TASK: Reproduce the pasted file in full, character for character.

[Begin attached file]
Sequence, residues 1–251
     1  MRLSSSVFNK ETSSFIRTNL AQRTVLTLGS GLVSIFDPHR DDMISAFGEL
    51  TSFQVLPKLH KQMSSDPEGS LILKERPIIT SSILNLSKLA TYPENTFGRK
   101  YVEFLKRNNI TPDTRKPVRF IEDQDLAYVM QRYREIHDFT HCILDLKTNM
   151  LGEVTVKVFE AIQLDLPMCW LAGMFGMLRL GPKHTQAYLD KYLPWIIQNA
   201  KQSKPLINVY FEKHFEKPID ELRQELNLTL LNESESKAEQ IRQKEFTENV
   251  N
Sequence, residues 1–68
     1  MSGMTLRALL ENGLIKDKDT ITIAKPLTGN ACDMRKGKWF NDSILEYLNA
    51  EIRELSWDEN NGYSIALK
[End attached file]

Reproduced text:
Sequence, residues 1–251
     1  MRLSSSVFNK ETSSFIRTNL AQRTVLTLGS GLVSIFDPHR DDMISAFGEL
    51  TSFQVLPKLH KQMSSDPEGS LILKERPIIT SSILNLSKLA TYPENTFGRK
   101  YVEFLKRNNI TPDTRKPVRF IEDQDLAYVM QRYREIHDFT HCILDLKTNM
   151  LGEVTVKVFE AIQLDLPMCW LAGMFGMLRL GPKHTQAYLD KYLPWIIQNA
   201  KQSKPLINVY FEKHFEKPID ELRQELNLTL LNESESKAEQ IRQKEFTENV
   251  N
Sequence, residues 1–68
     1  MSGMTLRALL ENGLIKDKDT ITIAKPLTGN ACDMRKGKWF NDSILEYLNA
    51  EIRELSWDEN NGYSIALK